The Alexander Young Building was a building in Honolulu, Hawaii built during 1900-1903 by Alexander Young (1833–1910), a Honolulu mechanical engineer and businessman from Scotland.
The Young building was designed by California architect George W. Percy; it was his last major project before he died on December 14, 1900. It cost US$2 million to build, and opened as a 192-room hotel in 1903. Based on this hotel, on his later ownership of the Moana Hotel and the original Royal Hawaiian Hotel, Alexander Young "became known as the father of the hotel industry in Hawaii."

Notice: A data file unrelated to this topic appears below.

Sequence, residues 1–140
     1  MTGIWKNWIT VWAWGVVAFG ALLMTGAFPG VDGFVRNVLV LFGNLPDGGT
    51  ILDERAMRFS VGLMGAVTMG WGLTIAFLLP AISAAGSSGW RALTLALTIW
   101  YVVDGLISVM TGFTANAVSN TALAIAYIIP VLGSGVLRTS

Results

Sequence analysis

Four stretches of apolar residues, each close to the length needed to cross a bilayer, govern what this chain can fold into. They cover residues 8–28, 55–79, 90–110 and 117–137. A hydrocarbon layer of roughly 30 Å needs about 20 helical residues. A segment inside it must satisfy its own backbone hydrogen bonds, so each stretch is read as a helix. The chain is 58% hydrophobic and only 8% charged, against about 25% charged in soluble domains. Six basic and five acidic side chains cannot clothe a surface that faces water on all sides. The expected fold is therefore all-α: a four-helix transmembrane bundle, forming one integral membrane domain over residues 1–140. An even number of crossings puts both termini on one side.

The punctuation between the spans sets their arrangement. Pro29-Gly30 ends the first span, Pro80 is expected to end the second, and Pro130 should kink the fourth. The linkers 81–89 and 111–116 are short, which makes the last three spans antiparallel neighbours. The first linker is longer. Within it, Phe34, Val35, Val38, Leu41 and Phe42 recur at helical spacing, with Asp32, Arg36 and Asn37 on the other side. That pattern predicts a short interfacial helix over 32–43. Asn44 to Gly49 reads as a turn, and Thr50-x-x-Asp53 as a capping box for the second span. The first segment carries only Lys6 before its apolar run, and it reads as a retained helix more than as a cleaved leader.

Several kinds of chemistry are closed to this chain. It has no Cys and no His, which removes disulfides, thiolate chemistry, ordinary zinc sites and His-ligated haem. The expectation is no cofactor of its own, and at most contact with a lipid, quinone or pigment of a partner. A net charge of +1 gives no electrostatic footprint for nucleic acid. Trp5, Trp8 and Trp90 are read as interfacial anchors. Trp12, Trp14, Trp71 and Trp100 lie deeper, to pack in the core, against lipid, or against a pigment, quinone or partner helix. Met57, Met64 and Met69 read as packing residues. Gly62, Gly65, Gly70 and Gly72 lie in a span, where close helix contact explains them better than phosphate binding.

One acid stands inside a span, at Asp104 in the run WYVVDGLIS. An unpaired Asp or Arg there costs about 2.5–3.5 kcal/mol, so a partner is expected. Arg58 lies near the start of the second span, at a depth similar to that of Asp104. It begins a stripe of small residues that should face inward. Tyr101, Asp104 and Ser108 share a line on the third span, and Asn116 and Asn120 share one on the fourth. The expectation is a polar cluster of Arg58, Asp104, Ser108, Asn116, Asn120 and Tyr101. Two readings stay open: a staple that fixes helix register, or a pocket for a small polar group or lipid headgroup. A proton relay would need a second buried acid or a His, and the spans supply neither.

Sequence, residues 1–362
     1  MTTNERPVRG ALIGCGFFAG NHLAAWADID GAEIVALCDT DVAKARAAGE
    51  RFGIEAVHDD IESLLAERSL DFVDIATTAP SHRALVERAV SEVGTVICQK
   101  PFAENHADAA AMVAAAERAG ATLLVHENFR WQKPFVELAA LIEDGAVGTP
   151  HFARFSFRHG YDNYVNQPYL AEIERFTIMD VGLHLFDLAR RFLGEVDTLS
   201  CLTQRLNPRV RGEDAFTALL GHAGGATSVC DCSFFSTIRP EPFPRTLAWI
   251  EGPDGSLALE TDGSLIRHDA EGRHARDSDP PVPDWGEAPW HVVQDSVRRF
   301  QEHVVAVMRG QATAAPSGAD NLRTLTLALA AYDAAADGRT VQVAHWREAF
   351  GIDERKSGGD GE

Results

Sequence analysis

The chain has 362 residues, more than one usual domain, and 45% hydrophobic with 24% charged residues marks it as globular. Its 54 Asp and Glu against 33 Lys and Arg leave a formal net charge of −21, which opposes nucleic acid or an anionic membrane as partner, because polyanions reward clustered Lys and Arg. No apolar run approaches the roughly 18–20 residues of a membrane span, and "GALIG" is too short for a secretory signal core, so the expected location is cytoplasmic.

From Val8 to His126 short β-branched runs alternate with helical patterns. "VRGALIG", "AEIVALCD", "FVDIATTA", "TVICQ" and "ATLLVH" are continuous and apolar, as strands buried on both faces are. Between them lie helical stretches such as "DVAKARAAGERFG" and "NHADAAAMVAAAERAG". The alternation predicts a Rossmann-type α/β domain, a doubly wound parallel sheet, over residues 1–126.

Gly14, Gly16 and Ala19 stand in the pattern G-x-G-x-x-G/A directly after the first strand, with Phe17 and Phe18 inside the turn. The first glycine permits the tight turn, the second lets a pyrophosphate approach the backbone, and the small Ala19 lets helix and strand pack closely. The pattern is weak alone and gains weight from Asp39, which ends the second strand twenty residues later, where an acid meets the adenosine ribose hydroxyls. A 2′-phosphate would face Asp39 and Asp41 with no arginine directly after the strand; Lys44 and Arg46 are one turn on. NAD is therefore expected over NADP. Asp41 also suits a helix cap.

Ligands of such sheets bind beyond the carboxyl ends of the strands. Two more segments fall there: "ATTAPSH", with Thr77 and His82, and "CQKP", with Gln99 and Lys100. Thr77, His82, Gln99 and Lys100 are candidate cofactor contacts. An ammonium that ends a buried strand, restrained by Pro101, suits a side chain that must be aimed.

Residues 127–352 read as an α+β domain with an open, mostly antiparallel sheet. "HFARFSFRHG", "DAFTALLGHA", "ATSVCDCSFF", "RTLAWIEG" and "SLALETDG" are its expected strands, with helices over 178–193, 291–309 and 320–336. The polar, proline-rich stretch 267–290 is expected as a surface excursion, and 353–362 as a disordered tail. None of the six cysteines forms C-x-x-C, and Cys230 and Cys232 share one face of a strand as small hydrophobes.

During 1917 the United States Army used the second floor while Fort Shafter was completed. The original Royal Hawaiian Hotel was purchased by the Army in 1917. The interwar years saw the hotel's Roof Garden become one of Honolulu's most fashionable social venues. During World War II the military occupied most of the hotel. The building was converted to offices in 1964. It was listed on the National Register of Historic Places August 5, 1980. The building was demolished, however, in 1981. The site was removed from the National Register in October 2009.
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